Earlier this month, Yuriko and I toured a suburban Chicago mansion stocked to the gills with antique mechanical devices, all asserted to be in working order (and I believe it). The collection emphasizes machines that play music, such as orchestrions, Victrolas and other phonographs, music boxes, and a theater pipe organ of massive proportions, but the place also sports an equally impressive carousel, a large number of penny- and quarter-arcade machines, a steam engine collection, slot machines, coin pianos, and a 24-foot bar.
I learned that the heyday of music machines was the late 19th and early 20th centuries, when the art of precision machining was well developed, but before radio and standardized phonograph records dampened demand for such machines.
Our affable and knowledgeable tour guide requested those on the tour, about 40 of us, not post any pictures to social media. I took that to mean Facebook and Instagram and the like, not a standalone obscurity like BTST.
Even so, in the spirit of the request, I won’t post of the name of where we went or tag the photos, making it harder for search engines to find them. Of course, it would take only a modest amount of Googling to find out where we were, considering the description I’m going to offer. But I won’t post the information here.
The property dates from the 1970s, with later additions, on a piece of land that’s large enough that you can forget there’s a city or even suburbs not too far away. The family that owns it made their fortune selling a common foodstuff, and its packaging, in a big way. The place is not a museum, but still occupied by members of the family. Even so, they offer tours and other events periodically.
Though the tour wasn’t about the house, the building does have some nice features, such as the main entrance skylight and chandelier.
Mainly, you go to see the collection of antique machines, which are a fascination of the family patriarch and his children. It’s an extraordinary array of devices, housed in a succession of rooms.
The displays start at the main entrance where, among a number of other machines, is a JM Hof & Mukle roll organ at the top of the grand staircase.
The three-story Music Room includes a large number of machines.
I liked this charming Frati Barrel Organ, made in Germany ca. 1905.
A much larger Weber Otereo Orchestrion, also made in Germany, ca. 1910.
According to its sign, “… between 1905-1910, animated scenes were very popular in some models of German orchestrions. This early Weber Otereo features a scene depicting the train station in Gelsenkirchen, Germany, complete with back-lighted silhouettes of an animated train, zeppelin, and other items. Everything in the Otereo operates on air pressure…”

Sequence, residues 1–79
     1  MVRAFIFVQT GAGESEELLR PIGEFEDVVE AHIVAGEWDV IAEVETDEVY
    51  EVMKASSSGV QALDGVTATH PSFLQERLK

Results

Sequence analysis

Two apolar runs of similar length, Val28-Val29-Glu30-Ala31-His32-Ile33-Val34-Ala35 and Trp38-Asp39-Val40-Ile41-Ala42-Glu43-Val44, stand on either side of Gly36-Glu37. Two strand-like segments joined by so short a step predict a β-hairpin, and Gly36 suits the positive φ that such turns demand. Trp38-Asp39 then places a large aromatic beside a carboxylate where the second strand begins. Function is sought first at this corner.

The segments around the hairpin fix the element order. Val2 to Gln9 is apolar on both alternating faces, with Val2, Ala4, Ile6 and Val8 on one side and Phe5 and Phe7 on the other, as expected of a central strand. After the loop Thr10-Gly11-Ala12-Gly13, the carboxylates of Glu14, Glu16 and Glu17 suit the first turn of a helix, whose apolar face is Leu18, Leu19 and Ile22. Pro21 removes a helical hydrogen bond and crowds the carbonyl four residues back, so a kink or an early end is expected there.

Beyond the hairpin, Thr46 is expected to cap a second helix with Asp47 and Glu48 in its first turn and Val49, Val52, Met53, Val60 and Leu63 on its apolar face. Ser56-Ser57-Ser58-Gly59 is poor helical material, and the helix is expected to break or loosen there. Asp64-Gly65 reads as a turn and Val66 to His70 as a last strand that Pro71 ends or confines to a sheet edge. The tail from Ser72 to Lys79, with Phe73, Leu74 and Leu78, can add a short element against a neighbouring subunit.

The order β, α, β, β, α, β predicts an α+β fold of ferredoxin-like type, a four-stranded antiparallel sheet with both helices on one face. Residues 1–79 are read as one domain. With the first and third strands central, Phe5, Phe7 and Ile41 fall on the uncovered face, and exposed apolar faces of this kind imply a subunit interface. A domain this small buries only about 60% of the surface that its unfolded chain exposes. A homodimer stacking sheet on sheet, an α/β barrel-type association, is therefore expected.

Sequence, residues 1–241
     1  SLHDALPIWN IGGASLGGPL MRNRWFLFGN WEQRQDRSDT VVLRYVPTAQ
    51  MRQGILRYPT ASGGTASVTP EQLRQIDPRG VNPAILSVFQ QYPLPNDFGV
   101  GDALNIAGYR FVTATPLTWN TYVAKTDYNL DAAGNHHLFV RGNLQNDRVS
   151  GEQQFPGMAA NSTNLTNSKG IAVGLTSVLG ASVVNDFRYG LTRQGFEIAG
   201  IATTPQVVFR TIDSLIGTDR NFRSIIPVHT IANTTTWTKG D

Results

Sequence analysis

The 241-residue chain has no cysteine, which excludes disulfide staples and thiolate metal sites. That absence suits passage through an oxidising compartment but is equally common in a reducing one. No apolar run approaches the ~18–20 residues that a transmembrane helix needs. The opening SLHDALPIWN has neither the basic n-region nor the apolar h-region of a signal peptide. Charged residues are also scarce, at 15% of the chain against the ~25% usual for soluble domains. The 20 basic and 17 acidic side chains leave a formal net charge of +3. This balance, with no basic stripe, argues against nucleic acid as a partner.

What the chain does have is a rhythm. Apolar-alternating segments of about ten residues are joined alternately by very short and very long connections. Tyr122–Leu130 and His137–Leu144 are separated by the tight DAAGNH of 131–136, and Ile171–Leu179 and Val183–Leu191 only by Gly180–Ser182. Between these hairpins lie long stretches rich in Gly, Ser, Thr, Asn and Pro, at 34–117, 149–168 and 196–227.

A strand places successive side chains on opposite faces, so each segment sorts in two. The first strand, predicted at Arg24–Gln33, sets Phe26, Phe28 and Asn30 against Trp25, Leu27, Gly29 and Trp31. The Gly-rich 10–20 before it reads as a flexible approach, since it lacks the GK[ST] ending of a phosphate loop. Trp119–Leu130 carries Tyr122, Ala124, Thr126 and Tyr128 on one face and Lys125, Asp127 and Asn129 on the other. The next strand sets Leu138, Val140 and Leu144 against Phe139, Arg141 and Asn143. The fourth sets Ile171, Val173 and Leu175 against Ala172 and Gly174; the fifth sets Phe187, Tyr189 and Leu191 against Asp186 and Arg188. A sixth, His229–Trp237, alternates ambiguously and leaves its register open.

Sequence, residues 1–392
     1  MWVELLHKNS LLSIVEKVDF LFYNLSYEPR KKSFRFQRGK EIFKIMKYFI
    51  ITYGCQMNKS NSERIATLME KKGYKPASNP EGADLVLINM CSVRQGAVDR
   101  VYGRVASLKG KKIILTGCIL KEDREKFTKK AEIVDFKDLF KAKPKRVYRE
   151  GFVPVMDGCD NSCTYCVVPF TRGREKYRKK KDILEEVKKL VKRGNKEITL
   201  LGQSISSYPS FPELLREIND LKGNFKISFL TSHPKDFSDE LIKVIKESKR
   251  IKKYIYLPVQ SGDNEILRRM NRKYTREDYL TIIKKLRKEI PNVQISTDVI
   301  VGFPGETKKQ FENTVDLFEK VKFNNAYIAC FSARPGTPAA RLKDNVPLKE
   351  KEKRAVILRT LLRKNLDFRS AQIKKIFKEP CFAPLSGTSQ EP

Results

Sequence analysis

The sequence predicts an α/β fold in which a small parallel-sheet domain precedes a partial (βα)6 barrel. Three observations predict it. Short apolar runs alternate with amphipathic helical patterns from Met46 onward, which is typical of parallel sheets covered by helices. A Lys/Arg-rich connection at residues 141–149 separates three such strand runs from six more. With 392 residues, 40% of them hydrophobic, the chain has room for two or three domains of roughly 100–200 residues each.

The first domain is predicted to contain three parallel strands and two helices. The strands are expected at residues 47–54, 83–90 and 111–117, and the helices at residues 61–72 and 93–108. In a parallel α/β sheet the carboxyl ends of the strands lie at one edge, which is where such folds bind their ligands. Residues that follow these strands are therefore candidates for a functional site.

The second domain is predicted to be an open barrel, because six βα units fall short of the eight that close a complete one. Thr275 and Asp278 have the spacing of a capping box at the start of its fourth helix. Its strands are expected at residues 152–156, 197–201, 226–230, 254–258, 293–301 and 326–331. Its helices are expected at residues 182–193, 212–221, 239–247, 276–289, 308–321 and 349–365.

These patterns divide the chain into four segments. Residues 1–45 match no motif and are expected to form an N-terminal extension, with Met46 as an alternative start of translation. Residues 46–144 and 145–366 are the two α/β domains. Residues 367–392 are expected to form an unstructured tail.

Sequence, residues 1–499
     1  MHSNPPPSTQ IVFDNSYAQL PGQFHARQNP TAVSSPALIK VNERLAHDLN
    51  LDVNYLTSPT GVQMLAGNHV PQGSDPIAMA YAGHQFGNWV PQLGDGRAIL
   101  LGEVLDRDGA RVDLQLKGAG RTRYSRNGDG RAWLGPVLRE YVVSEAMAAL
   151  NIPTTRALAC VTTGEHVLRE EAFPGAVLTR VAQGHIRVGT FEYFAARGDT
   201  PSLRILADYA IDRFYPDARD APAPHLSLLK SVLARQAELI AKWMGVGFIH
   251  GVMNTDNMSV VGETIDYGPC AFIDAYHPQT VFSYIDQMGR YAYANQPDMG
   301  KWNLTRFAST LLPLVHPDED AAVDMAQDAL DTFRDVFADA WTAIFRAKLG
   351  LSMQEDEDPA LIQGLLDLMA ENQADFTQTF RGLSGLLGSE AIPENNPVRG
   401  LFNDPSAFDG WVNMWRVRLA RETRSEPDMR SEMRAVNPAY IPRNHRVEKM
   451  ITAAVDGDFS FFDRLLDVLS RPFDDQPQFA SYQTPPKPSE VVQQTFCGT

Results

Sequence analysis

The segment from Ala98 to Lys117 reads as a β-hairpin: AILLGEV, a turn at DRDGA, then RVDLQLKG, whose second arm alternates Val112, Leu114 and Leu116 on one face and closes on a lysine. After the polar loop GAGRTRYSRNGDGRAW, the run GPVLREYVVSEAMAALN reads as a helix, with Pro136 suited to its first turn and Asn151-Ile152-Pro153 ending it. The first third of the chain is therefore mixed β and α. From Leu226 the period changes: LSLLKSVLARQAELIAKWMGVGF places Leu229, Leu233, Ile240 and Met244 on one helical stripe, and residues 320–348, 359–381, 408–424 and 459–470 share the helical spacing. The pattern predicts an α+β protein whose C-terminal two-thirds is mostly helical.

The guide demonstrated this machine, and we listened to it play but also watched the animated scene.
The centerpiece of the Music Room was the organ console.
Stepping back a bit.
And then turning around. This is view from the console, to give a little context.
The room counts as a small auditorium, and we listened to the theater organ from the balcony. Quite a wall of sound. It’s worth quoting the mansion’s web site at some length on this machine.
“The nucleus of the theatre organ, which was previously installed in the old music room (Wurlitzer opus #1571, built in 1927 for the Riviera Theatre in Omaha) has been expanded to 80 ranks of pipes. The overall result is the most versatile orchestral theatre pipe organ ever built.
“Behind the scrim are five chambers containing pipes, percussions, wind regulators and controls in a four-story-tall area. The console is patterned after the original from Chicago’s Paradise Theatre; it is mounted on the original Peter Clark lift from the Granada Theatre, which raises it from the lower level cage enclosure up to concert playing position.
“Mounted on the wall to the left are the 32′ Diaphone pipes, and to the right are the 32′ Bombarde pipes. A 32-note set of Deagan Tower Bells, the largest of which weighs 426 lb., hang on each side of the room… To the rear of the room, the ‘Ethereal’ pipe chamber in the attic echoes softly from the skylight area, while the brass ‘Trumpet Imperial’ and copper ‘Bugle Battaglia’ speak with great authority from the back wall.”
The American Orchestrion Room, elsewhere in the mansion, features art glass-front orchestrions, along with Tiffany and other art glass lamps and a large collection of Victorian chandeliers. This is only one end of the room, which is fairly long.
The room includes a violin-playing machine, the likes of which I’d never seen.
And a hand-cranked mechanical bird in a cage, with a mechanism inside covered with actual bird feathers. As might have amused the raja of one of the princely states about 100 years ago.